How to pass your Hazard Perception Test

By Martin Bull  (sorry for the lateness of this article about Chelsea and Southend – It doesn’t even mention rain…)

 

Although I hate the perception of being perennial ‘gallant losers’ to higher opposition in cup matches, I will stomach that phrase for the narrow loss at Chelsea because not only did we play very well against a team so vastly above us in wealth and silverware, but also because of the cold hard cash windfall it earned our owners.

Perhaps just as importantly for the long run, it was good for morale, and gave players, media pundits, and us fans a glimpse of what can be possible with investment and success. I’m not suggesting we will ever be at Chelsea’s level, but the dream of a decent stadium, an efficient website, a points based electronic ticketing system, and agreeable facilities for both players, staff and supporters, is not an impossible dream. Two years ago we weren’t even allowed into the Football League Cup, yet here we are with 4,000 tickets sold in less than a day and my Swindon postcode finally coming in handy to at least enter Stamford Bridge, even if it was to squirm for 90 minutes in a sweaty seat at the other end, suitably covetous of those in the ebullient away end.

It was also yet another spirited team performance with no-one a clearly weak link. Mildy made some smart saves, Ellis looked up for it (and thankfully no teams do their homework on his ‘blast it down the middle‘ penalty proclivity – shhhh! don’t tell anyone), Tom Lockyer yet again looked mature beyond his years, Peter Hartley got us out of a jam with another goal from a defender, and Chris Lines was exceptionally suited to being gifted a breather from lower league teams pressing you high up the pitch.

The fact that Pedro, Ruben Loftus-Cheek and 19 year old debutant Ola Aina were replaced by Eden Hazard, Oscar and John Terry, with 196 international caps between them, spoke volumes for the pressure a single goal lead and a rampant Rovers midfield put on the Pensioners.

With two more loan signings after the return from the Bridge, there is certainly more competition in the squad than ever before. Although both are still young, goalkeeper Kelle Roos has handled the pressure of Wembley, and last season Connor Roberts would have most probably joined Lee Brown in playing every minute of every League match if it wasn’t for missing one game in order to bag his debut cap for the Wales Under-21 team.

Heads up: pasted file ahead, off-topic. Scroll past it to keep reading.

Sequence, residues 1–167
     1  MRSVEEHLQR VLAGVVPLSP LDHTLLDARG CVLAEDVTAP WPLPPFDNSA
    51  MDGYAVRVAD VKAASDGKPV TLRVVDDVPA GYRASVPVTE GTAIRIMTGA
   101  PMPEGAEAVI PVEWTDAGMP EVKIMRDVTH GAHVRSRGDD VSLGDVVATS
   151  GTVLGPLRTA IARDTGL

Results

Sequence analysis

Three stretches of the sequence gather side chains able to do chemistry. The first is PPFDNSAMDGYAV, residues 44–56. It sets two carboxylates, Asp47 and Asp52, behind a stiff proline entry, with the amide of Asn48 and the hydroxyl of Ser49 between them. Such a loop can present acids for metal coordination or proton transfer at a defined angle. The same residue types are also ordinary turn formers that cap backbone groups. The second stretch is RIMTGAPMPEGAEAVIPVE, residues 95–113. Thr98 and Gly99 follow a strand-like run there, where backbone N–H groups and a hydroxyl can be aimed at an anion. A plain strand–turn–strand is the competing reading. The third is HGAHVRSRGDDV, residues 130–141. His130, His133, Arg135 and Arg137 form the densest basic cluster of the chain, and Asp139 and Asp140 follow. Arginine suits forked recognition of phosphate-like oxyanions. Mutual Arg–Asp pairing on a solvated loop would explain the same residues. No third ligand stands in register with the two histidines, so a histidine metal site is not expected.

Meanwhile, a trip to Southend United has consistently been an exercise in futility for Rovers fans, with only eight wins in 58 meetings. A Pirate who has received their telegram from the Queen may have even endured the two colossal League defeats there in 1930, with the fickle fixture calendar offering up 6-0 and 4-0 defeats within six months of each other. The most momentous loss though was the 3-0 ‘game in hand’ demise in April 1993 that effectively ended our last sojourn in the second tier of English football. Afterwards the Championship was moved to a secret location in an alien land and we‘ve never been able to crack the shadowy enigma code ever since.

Personal memories of failure at Roots Hall include the anti-climax of the Southern Final of the Football League Trophy in 2005, and one of the coldest, and most badly timed, ‘let’s make a day of it’ trips of my life to endure an earlier round of that Trophy in late January 2001, in front of only 2,192 hardy souls.

Although I remember the minutia of the whole dreary day, I can’t remember anything about the actual match except losing 1-0 and sitting on a small plastic chair with my hands under my bum for 90 minutes. The away end refreshments were under the corner of the stadium, buried beneath thick walls of nuclear blast proof concrete, and were complete with cheap plastic communal seats which more resembled a Siberian death camp canteen than a hip coffee hangout.

A draw at Roots Hall last Saturday was therefore no disaster, but the bookies will be offering short odds on the Shrimpers finishing in the bottom six come May, and if fan forums are a fair judge then they are hoping Phil ‘Boring’ Brown will be an early managerial casualty of the season.

Martin Bull became a Gashead in 1989 and immediately fell in love with Twerton Park, standing near G pillar. Three of his seven books have been about Bristol Rovers. ‘Away The Gas’ is packed full of over 50 years of ‘I was there’ away game moments, all written by fans, ‘Print That Season! – One man’s weekly meanderings throughout Bristol Rovers’ promotion campaign of 2014-15’ is the antidote to obedient season reviews, with none of the hindsight that most writers rely on, and ‘Double Darrell’ is similar, but chronicles the 2015-16 promotion, and is even better.

Full details of all are available at www.awaythegas.org.uk

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